'It has an enormous, positive, impact': Delight at return of cruises to Cork 

“Economically, the cruise line industry is a big one for the whole region. Some passengers get on trains to go into Cork City, they get buses to Blarney, they visit Carrigtwohill. 
'It has an enormous, positive, impact': Delight at return of cruises to Cork 

The Port of Cork gets ready to welcome back tourist liners for the first time since the beginning of the pandemic.

AN estimated 90 cruise ships are set to dock in Cork’s harbours this year, as The Port of Cork gets ready to welcome back tourist liners for the first time since the beginning of the pandemic.

The ‘Borealis’ will arrive in Cobh on April 14, signalling the return of an industry that usually brings in an estimated €14m a year to the local economy.

The announcement has been welcomed by Cobh and Harbour Chamber president Johanna Murphy, who told The Echo that the return of the liners would affect the entire region.

“We’ve been waiting for these cruise liners to come back with bated breath. We went from having 140 geared to come in 2020 and all of a sudden we had zero,” Ms Murphy said.

“When cruise liners come into Cobh, you have the crew spending money, the passengers spending money, and you have all of the spectators who come into the town to see the ships spending money, and we lost all of that income.

“Economically, the cruise line industry is a big one for the whole region. Some passengers get on trains to go into Cork City, they get buses to Blarney, they visit Carrigtwohill. 

"It has an enormous, positive, impact.” 

The Port of Cork Company said that it hopes to welcome a return to pre-pandemic levels of cruise calls this year, with approximately 90 ships scheduled to berth in Cork between April and November.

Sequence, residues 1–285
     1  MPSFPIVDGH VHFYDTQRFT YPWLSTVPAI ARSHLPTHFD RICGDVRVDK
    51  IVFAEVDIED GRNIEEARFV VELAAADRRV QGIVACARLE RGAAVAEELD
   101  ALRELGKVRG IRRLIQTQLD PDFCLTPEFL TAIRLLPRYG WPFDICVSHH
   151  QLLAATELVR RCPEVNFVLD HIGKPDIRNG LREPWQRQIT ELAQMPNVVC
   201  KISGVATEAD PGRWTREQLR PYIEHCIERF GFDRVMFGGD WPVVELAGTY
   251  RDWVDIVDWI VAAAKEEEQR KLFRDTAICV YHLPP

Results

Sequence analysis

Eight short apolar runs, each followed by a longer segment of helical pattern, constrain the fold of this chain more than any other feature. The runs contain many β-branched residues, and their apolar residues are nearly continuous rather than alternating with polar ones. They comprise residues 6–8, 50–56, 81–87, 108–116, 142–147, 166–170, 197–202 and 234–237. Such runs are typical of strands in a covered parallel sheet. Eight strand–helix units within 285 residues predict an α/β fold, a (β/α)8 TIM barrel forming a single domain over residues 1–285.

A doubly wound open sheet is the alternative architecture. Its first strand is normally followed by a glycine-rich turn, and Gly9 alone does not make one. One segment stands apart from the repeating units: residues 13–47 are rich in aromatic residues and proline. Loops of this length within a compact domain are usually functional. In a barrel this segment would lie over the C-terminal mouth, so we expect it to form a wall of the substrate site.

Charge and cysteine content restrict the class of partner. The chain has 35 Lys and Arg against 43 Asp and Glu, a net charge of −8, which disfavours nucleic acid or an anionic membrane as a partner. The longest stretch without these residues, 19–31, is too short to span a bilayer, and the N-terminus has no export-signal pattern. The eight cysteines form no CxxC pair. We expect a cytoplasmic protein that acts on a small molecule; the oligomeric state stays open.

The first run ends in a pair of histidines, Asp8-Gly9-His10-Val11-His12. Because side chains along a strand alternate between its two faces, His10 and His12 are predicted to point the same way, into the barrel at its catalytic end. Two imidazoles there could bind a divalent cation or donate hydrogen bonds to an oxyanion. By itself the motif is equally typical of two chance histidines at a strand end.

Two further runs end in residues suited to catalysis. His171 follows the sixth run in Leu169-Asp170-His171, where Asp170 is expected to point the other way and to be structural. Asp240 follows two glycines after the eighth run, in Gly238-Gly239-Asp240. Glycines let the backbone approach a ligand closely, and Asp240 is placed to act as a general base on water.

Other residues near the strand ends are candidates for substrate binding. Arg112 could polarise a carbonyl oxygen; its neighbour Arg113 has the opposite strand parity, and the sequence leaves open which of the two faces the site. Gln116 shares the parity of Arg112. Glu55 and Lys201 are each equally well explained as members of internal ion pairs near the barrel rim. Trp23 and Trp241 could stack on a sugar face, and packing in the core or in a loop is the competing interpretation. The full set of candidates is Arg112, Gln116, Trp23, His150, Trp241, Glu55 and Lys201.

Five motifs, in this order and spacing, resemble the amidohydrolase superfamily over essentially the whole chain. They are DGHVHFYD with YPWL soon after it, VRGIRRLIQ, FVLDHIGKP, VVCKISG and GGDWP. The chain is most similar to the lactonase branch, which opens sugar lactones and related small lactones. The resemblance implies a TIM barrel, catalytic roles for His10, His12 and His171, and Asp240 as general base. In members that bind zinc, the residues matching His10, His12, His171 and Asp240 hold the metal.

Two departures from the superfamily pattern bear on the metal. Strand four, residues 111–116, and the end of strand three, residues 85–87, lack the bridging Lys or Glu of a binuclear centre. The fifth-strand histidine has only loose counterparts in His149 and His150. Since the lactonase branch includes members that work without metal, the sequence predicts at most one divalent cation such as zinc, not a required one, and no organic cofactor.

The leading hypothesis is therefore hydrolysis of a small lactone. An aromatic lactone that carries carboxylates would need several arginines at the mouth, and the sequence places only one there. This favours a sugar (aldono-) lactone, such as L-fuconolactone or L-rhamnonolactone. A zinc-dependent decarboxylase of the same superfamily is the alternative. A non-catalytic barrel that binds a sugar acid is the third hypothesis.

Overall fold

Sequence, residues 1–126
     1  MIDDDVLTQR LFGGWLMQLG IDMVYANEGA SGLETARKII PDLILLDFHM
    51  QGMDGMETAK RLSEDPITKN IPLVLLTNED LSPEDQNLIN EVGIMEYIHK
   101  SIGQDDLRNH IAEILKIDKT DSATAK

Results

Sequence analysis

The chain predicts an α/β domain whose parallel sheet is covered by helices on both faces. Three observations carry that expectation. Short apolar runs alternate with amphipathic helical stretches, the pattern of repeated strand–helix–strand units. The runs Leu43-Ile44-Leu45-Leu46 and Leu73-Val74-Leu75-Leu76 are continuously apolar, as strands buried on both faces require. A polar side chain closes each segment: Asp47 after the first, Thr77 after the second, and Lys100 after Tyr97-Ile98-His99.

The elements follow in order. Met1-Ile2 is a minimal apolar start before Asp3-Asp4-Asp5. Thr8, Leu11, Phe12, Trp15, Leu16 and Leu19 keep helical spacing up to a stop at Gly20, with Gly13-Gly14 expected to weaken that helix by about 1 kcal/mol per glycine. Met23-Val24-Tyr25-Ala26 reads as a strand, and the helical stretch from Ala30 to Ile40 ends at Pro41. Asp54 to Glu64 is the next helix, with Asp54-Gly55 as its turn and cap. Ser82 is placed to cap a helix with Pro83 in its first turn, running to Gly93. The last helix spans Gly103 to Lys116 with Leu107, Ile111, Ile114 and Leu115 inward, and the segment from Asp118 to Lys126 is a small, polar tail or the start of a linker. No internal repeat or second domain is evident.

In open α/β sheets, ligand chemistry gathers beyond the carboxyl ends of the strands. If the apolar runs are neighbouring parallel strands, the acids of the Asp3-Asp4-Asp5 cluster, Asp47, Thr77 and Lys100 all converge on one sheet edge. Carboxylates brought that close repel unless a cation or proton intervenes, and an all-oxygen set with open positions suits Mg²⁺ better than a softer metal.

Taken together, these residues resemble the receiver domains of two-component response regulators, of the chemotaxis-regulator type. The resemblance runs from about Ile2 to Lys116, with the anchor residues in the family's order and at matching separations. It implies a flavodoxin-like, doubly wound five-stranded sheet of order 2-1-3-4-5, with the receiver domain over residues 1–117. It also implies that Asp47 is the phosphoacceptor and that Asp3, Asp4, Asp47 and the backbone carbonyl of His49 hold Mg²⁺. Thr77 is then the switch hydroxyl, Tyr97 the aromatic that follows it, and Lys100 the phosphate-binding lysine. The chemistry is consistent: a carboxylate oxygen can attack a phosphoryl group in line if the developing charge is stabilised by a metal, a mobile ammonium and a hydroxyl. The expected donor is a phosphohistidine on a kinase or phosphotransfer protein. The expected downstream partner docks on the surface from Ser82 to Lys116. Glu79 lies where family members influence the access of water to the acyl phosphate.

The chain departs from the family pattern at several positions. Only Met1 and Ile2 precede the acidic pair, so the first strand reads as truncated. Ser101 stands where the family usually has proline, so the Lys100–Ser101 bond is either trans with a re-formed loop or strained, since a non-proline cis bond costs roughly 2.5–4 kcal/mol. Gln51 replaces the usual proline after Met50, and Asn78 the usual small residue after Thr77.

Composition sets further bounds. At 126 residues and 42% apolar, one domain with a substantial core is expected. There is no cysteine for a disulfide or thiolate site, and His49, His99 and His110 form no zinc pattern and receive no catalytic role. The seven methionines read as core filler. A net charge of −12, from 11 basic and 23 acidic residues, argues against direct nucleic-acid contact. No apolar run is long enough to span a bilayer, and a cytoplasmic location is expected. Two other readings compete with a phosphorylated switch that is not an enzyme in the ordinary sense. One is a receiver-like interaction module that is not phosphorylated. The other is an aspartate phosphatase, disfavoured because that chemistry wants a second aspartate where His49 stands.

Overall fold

It is estimated that the industry will contribute €70 million to the national economy in 2022.

“People coming here get to see what Ireland has to offer and a lot of people who come in on cruise ships come back for return visits,” said Ms Murphy.

“It’s almost like a festival day in Cobh when they come in. Everyone comes out. You’d have musicians outside playing, the bandstand and coffee shops would be busy, people would be doing art on the road, tours would be on.

“It’s beautiful to watch and we’re delighted to welcome it again. We’re very lucky to be able to facilitate these ships and it keeps our maritime history alive. 

"They really are a part of Cork’s story.” 

The decision to welcome cruises again was made following extensive discussions between stakeholders and the implementation of new protocols, according to Chief Commercial Officer with Port of Cork Company and Chairperson of Cruise Ireland Conor Mowlds.

“The announcement follows weeks and months of intense collaboration with stakeholders, such as the Department of Transport and the HSE, to ensure we have robust protocols in place to protect and ensure confidence for not only passengers but our receiving harbour communities,” Mr Mowlds said.

"There is no doubt that the return of cruises to Cork will have a positive impact on local businesses and the economy. 

In the years prior to Covid, Cruise Ireland reported an on-shore local spending estimate of €81 per passenger and €29 per crewperson in Cork, contributing €14 million to the local economy.

“This is an exciting time for local businesses to welcome visitors back with open arms and remind them why Cork is a world-class cruise destination."

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